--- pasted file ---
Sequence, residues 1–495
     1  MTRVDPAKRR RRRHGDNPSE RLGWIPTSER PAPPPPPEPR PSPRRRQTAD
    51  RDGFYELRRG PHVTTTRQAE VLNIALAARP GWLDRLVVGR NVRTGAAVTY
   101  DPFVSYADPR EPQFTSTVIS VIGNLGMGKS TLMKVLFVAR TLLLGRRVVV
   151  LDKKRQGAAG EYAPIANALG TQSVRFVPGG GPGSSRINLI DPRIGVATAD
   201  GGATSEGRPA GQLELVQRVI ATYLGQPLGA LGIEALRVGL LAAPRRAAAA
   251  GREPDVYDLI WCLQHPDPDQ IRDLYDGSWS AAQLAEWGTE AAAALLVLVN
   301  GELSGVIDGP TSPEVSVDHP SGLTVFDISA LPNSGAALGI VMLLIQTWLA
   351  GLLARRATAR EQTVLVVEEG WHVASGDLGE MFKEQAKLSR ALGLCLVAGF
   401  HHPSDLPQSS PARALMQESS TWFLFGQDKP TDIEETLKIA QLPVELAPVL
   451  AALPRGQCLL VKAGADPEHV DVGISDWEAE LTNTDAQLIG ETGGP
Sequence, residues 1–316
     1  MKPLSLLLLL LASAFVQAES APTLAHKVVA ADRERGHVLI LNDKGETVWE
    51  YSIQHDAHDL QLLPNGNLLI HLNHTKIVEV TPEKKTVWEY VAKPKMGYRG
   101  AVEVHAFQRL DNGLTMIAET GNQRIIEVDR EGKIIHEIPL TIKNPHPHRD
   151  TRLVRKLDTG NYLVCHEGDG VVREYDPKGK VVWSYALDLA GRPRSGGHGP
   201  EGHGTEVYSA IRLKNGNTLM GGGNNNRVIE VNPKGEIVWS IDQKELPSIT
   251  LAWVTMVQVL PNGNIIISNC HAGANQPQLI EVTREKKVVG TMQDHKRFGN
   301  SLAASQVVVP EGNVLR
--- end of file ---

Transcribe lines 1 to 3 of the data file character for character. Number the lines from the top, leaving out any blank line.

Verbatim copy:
Sequence, residues 1–495
     1  MTRVDPAKRR RRRHGDNPSE RLGWIPTSER PAPPPPPEPR PSPRRRQTAD
    51  RDGFYELRRG PHVTTTRQAE VLNIALAARP GWLDRLVVGR NVRTGAAVTY